Tracking bird migration
Only about 18% of bird species are migratory but if you discount species that live permanently in the tropics, the proportion of migrants jumps to 40%. Therefore, migratory birds are of disproportionate importance to those of us in temperate climates. Unfortunately, for most species little about their movements is known outside the breeding season. Conserving these species has practical implications to human society as many of these species provide incalculable contributions in the form of pest control, seed dispersal, and pollination.
In Turkey, I tracked the movements of Great Reed-warblers (GRW), a species that breeds throughout Europe and the Middle East and migrates to Africa every year. GRW are wetland specialists making them a flagship species for wetland conservation. Because most songbird species that rely on wetlands are either too small or too endangered to be the focus of a tracking study, we can use GRW to identify areas of importance to wetland species. We chose to use light-level geolocator technology to follow these birds on migration. Geolocators do not communicate with satellites (as do conventional GPS units) but instead measure ambient light levels. By using this data to infer timing of sunset and sunrise, day length can be calculated. This information in turn allows us to assign a geographic point to the bird. Our study was able to identify three critical wintering sites in sub-saharan Africa, two important stopover sites used during spring migration, and a unique migratory pattern.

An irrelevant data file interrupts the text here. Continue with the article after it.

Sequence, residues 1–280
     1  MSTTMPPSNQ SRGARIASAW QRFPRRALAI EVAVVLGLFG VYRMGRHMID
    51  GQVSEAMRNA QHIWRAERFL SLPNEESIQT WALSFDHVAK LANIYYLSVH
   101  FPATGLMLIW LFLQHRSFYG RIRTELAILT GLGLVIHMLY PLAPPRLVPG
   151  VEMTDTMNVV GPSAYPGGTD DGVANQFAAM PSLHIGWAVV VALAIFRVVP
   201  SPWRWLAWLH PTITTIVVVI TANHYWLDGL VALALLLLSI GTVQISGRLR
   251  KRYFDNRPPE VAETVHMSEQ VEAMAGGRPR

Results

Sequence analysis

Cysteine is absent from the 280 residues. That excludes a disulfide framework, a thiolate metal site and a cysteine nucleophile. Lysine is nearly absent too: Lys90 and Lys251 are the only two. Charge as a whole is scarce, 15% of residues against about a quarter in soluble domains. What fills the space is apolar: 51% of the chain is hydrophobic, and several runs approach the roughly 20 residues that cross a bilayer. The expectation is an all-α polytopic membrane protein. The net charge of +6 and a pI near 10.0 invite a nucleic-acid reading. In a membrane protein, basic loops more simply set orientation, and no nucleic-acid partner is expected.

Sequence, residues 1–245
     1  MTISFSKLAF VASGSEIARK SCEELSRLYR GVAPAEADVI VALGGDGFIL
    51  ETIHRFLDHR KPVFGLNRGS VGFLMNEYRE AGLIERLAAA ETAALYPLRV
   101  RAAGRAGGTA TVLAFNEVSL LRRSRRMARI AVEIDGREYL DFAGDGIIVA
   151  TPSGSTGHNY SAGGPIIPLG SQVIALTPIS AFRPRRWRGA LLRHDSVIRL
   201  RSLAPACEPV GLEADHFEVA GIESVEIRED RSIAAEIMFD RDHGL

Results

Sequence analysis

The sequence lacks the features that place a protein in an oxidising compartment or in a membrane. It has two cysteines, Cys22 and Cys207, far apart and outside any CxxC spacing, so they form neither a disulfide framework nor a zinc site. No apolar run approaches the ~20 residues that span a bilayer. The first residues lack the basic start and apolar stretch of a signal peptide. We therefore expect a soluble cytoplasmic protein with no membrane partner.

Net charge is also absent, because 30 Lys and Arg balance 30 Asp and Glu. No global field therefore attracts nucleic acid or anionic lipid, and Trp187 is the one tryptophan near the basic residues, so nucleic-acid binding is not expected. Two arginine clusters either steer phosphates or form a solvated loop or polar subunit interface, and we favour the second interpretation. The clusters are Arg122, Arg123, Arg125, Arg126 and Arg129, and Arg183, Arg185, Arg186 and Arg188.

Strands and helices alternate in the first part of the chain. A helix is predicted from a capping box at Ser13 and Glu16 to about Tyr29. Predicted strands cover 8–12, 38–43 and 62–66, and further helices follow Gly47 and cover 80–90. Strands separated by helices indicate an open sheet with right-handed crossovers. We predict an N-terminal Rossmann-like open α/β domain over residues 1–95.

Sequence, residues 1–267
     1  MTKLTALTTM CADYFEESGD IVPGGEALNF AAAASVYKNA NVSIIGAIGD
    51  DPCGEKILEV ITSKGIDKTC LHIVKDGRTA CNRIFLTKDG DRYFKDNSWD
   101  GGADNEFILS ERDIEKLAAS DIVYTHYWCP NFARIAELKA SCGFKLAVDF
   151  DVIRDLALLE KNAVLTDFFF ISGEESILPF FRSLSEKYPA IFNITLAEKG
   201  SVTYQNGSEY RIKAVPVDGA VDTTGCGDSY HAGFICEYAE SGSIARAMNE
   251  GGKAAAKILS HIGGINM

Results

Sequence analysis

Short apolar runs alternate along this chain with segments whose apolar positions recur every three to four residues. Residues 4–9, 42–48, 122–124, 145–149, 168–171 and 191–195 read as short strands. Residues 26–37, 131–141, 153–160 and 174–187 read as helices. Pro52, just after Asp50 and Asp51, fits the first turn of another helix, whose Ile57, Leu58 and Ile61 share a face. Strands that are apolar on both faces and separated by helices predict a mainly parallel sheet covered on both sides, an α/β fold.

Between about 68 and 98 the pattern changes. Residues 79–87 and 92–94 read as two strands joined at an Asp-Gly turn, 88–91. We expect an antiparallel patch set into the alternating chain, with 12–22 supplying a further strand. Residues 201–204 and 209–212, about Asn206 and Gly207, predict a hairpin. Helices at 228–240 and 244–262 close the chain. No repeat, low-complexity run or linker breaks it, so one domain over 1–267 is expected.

If you want to learn more about this project you can read our full work, published in the journal Condor, here. Also check out some of our press coverage:
Utah Public Radio
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